Sunday, November 17, 2013

EXCLUSIVE! Natalie Curtis INTV!

When artistic ability runs through your veins, there is not stopping or containing what you can do. For Natalie Curtis, the daughter of late Joy Division singer Ian Curtis, she channeled her inherited artistic creativity into photography. Natalie, who has become one of England's most sought after photographers finds a unique and creative perspective on the art form that seems to be loosing touch thanks to camera phones and the accessibility of digital photography. We spoke with Natalie about her work, her just relaunched website --, and how she found her passion as a photographer. Take a look at our interview with Natalie below:

What initially got you into photography?
I can't remember! I was young, about 4 I've been told. And I've just been reminded that I also used to label family photos, before I could even spell... My mum's just been going through old boxes and found some pics from her childhood, and at some point I'd written captions on the backs, things like "Mummy and a friend."

When did you realize you could make a career out of this?

Not until I did Art Foundation at my local college - I don't know if there's anything similar in the States, but it's a year long pre-university course where you try loads of different things. I really enjoyed the photography unit. That was when I started to take it more seriously. Before then it was just hobby.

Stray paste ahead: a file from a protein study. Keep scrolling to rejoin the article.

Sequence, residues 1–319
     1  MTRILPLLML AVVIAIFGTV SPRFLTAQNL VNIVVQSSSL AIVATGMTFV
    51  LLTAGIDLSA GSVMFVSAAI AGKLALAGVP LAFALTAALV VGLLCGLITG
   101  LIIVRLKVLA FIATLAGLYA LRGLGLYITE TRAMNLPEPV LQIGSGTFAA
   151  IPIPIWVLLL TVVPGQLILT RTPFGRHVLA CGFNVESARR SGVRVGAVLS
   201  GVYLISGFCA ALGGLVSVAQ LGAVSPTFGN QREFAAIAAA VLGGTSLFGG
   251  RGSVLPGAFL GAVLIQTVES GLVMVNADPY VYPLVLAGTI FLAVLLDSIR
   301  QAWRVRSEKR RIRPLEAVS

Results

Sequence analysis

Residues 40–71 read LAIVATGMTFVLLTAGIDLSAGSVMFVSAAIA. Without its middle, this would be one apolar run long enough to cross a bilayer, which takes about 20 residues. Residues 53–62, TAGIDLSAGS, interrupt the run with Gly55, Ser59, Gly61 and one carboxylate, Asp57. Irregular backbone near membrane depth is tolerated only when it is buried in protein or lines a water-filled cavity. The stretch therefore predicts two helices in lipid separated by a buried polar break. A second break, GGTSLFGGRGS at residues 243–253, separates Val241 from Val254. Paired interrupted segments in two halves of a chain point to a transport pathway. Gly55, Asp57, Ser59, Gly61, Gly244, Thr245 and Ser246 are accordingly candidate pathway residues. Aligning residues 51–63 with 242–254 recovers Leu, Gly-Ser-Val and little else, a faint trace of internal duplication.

You just relaunched your website with all new content, when going through your collection of photos, does it become hard to pick which you would like to showcase?
Yes, definitely. When I was selecting images for the new site I went down the route of my then favourites, organised by year, plus some very recent work. But now that I've lived with the site for a few months, I'm already thinking of other ways that I could organise my work, include other images that I previously overlooked. 
Hailing from Manchester, how much has the city influenced your work?
I'd say that the feel of the city is very important in that a fair bit of my work has involved people in Manchester. Even if they're not from here, they're often photographed here. Manchester has influenced me generally in that when I was kid it was always the place where people did cool stuff, the place where people could do what they wanted to do. One of my earliest memories is of looking at 12" sleeves, records sent from Manchester, and having this almost mythical idea of the place in my head. I actually spent my childhood in Macclesfield, but I used to visit Manchester most weekends. I'm an honorary Mancunian!
Your images are very stark and often times very intense, your use of light and shadows is profound. Do you consider this your signature style?
You're very kind to say that. I've never thought of it in terms of a signature style. I just try to get what ever it is I'm looking at or experiencing. 
Being music royalty, much of your work also resembles the work of Anton Corbijn who famously photographed your father’s band, Joy Divison. Has Anton been an inspiration to you?